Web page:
A food crisis in Tanzania

Since the start of the war in Ukraine, the price of cooking oil in Tanzania has doubled and the price of maize has risen by 35%. Tanzanians use cooking oil in almost every aspect of their cooking, while maize is the main ingredient in ugali, a stiff porridge which is generally served once or twice a day.

Over half of an average family’s income is spent on food, compared to one-sixth in the UK. And the average income is itself tiny – less than £1,000 per year – in the UK that number is £34,000.

We at Malaika Kids are trying to address this crisis as best we can. When we heard that the Village Manager, James, was considering cutting back on holiday trips so that the children could have enough to eat, we increased the food budget by 13%. This was an across the board increase which applies to all 200 children, and their carers, who we support. So, the budget increased for all those in our Children’s Village, all those in the Reception Home and all those in our Relatives Support Programme. We are totally committed to looking after our children and we are ready to increase the budget further if needs be.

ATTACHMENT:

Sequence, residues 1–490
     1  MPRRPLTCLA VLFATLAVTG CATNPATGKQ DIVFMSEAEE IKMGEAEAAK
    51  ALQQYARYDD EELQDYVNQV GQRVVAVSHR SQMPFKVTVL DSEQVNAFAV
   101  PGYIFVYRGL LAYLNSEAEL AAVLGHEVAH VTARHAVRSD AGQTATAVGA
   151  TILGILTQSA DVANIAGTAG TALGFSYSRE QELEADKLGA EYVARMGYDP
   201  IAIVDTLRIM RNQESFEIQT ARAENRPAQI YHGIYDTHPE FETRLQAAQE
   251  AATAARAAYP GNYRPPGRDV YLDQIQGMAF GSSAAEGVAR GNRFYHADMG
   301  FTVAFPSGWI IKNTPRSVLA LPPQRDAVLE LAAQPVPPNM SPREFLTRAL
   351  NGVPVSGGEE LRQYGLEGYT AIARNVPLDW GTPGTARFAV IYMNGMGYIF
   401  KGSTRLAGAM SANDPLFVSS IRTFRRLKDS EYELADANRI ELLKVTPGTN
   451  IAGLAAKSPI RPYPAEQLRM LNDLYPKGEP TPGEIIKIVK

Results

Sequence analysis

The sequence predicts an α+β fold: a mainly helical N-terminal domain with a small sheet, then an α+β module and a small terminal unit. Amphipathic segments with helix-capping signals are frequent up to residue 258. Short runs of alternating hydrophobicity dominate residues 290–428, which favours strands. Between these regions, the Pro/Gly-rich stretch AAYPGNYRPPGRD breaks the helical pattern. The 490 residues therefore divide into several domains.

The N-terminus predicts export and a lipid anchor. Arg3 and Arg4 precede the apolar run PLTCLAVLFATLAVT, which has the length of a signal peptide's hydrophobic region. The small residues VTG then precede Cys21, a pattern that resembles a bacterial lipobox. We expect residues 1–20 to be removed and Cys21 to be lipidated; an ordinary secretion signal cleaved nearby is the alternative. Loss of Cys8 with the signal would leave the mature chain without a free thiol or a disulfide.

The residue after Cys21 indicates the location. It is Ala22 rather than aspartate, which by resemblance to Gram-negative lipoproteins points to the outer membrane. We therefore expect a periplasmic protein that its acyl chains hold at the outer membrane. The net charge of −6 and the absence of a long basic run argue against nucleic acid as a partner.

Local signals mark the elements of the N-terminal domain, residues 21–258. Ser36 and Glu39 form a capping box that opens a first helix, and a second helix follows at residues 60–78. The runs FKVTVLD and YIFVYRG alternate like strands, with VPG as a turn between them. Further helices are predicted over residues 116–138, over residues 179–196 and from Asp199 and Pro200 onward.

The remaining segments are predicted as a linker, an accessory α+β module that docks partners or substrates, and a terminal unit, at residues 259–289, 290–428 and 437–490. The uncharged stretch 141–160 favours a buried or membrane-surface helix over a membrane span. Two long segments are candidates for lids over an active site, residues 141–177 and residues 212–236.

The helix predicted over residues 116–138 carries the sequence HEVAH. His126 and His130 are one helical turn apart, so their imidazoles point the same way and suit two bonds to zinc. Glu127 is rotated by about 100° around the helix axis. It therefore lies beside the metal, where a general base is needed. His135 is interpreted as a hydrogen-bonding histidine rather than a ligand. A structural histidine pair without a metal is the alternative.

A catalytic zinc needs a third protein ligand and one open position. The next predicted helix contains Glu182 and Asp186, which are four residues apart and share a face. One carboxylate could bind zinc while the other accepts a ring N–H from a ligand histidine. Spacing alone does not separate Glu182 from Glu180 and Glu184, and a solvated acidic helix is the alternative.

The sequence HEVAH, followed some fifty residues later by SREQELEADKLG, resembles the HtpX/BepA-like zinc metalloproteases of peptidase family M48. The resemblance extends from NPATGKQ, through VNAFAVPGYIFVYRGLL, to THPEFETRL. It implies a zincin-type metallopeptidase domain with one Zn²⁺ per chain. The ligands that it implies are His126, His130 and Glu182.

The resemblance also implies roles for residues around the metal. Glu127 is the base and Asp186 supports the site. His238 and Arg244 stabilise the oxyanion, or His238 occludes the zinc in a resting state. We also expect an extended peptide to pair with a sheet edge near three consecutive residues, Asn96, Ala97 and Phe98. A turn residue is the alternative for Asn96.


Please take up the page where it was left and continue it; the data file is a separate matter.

We are so grateful at this difficult time to have the expertise of Julius, our Farm and Maintenance Manager, at the Village. Thanks largely to him the childreneat our own home-produced greens once or twice a day, and seasonal fruits such as guava, pineapples and bananas. Our cassava crop is also very useful as a partial replacement for ugali. Both foods are very high in carbohydrates. If only we could find a more effective way of stopping the little chipmunk like rodents eating a significant portion of the crop!

A fish farm nearby has kindly donated us 150 catfish. They are thriving in our fish tanks and are now big enough to be on the menu once a week.

We also have 100 young chickens that will shortly be supplying us with eggs.

Our land is largely sand and therefore desperately lacking in nutritional content. We do however store water in our large tanks which is invaluable when the dry seasons are upon us. So, we can grow trees, such as cashew, which provide shade for other crops and some tasty snacks. The government guarantees to buy these nuts from us every year.

We do expect further food price increases and will do what is necessary to ensure that our children have enough nutritious food to eat. We now have a record 80 children in our Children’s Village, over 20 in our Reception Home and just under 100 in our Relatives Support Programme. Each child is precious.

In these difficult times, we are more than ever grateful for your support.

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